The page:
What is a VPS (Virtual Private Server)?

VPS stands for virtual private server, a popular web hosting model that belongs to the classic IaaS services (Infrastructure as a Service) offered by numerous internet service providers. A virtual private server can be defined as a virtual machine (VM) that draws on the resources of a physical server and offers users diverse server functionality that is similar to that offered by a dedicated server. As a result, a VPS is also sometimes referred to as a virtual dedicated server (VDS).

In the commercial web hosting field, a high performance physical machine normally houses several virtual private servers, all of which have their own operating system (OS) and offer users full root access to the internet. This means that every server administrator operates independently of other users on the same hardware basis. The hardware is managed by what’s known as a hypervisor (also known as a virtual machine monitor). Simply put, this is a software component that creates and operates virtual machines. A hypervisor defines the virtual environment and offers every VPS a share of its physical resources like CPU, RAM, or disk space. Root privileges make it possible for the user of a VPS to install all applications that are supported by the chosen OS – this could include web server software, an e-mail server, or other special applications like e-commerce solutions or blogging systems.

What are the pros and cons of a VPS?

The virtual private server positions itself as a compromise between a cheap, shared hosting solution and the typically more expensive option of renting a dedicated server setup. The idea behind this hosting model is to be able to offer users as big a functions spectrum as possible at a manageable price. Creating virtual reproductions of individual computer systems on a communal hosting platform is a significantly easier process for web hosting companies than preparing separate hardware components for every one of their customers. And individual guest systems can achieve an even higher degree of independence through encapsulation. Every VPS on the shared hardware setup can operate in safety, shielded from other systems operating in parallel.

The share of hardware resources that each VPS receives from the central hypervisor is usually defined in advance. This way, every user is guaranteed a minimum level of performance from their server. But the actual performance of a virtual private server can be considerably higher than the guaranteed minimum, particularly in periods when the other systems operating on the shared hardware are on standby or out of use. This is because the hypervisor reallocates unused resources to the other systems sharing the hardware.

Every VPS uses its own operating system, meaning that configuration errors or malware attacks are restricted to an individual OS; other virtual private servers operating on the same hardware setup won’t be affected by any security breaches or failures. But because a VPS gives each user full root access, administration of these servers is considerably more expensive than in shared hosting, in which basic configurations and update management is handled by the web hosting company.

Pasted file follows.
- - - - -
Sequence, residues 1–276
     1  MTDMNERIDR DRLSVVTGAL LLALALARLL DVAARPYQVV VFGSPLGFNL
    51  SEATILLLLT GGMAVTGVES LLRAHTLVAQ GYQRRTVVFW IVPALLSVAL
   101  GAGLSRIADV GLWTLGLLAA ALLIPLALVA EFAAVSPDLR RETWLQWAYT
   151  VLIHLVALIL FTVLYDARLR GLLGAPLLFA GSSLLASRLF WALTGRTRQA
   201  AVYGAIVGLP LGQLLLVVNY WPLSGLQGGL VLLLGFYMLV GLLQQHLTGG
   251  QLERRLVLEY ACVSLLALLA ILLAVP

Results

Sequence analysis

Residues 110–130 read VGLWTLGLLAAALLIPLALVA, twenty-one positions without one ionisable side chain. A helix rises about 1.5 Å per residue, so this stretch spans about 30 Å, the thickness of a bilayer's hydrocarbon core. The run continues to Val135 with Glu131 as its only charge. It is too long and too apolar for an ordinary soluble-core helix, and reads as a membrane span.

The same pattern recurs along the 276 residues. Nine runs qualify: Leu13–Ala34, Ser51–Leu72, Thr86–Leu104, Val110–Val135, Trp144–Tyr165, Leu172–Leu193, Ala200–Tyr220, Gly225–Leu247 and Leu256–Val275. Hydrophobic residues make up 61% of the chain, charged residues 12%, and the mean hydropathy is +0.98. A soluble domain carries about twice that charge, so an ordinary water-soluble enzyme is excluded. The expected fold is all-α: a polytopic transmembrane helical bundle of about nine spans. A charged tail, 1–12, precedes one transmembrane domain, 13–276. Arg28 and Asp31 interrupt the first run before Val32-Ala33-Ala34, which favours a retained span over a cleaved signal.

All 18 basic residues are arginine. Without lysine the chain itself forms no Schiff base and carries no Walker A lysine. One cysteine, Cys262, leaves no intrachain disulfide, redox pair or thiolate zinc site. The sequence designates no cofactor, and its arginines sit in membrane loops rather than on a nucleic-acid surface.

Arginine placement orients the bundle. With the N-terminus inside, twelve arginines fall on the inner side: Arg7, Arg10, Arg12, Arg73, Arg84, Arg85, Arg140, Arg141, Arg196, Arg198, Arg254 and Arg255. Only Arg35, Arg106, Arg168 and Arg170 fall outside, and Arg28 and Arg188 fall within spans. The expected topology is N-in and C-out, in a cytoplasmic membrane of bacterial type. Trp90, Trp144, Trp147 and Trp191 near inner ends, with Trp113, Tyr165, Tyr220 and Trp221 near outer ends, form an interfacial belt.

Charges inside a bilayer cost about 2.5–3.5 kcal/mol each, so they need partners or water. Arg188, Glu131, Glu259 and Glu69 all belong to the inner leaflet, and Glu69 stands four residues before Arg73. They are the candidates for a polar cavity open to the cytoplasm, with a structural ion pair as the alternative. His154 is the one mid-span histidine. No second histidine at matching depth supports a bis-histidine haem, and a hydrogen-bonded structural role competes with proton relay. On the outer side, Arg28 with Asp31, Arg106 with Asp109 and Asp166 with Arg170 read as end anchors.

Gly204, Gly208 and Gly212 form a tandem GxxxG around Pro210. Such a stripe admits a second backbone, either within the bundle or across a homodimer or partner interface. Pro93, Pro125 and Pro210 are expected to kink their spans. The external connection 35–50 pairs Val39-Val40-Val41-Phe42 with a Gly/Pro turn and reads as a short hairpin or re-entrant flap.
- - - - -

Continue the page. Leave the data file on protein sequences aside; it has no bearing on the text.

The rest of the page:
Other disadvantages of a virtual private server compared to a dedicated server include restrictions in hardware usage as well as the obvious sharing of network resources. All virtual servers on a host system are controlled by a specific number of network adapters and LAN connections that don’t usually correspond to the number of virtual private servers in use.

A technically similar hosting model to the VPS model is Cloud hosting, which charges per use rather than as a flat-rate contract.

Is a virtual private server suitable for me?

The web hosting model VPS is aimed primarily at experienced users who are looking for a customised hosting solution for their online project, but who don’t necessarily have the budget for their own dedicated server. As a result of the impressive range of functions offered, virtual private servers are only recommended for companies operating in public networks if they already have a basic knowledge of server administration.

Many small business pages, blogs, or simple, informational pages with a manageable number of site visitors operate their pages successfully using a shared hosting model. But employing a virtual server is particularly useful for sophisticated web projects like community sites with a high number of visitors, medium-sized online shops, or company websites, where sudden peaks in high traffic need to be supported by a solid hardware solution with guaranteed high performance. A virtual private server also offers access to the console, allowing you to install software that wouldn’t normally be available in a typical shared hosting package (e.g. Ruby on Rails, Node.js, NoSQL databases, or Windows).

Thanks to the manageable monthly costs and a good scalability, a VPS is an ideal solution for medium-sized businesses. Virtual private servers are usually quick and easy to upgrade, and if a project requires more or less performance than was assumed at first, users can simply switch to the right tariff to suit their needs. Unlike with dedicated server technology, upgrading a virtual private server doesn’t require any data migration, as additional resources can simply be released by the hypervisor.

Tip

With 1&1, you can rent your own virtual server at favorable conditions for a variety of projects (web server, mail server or your very own individual application).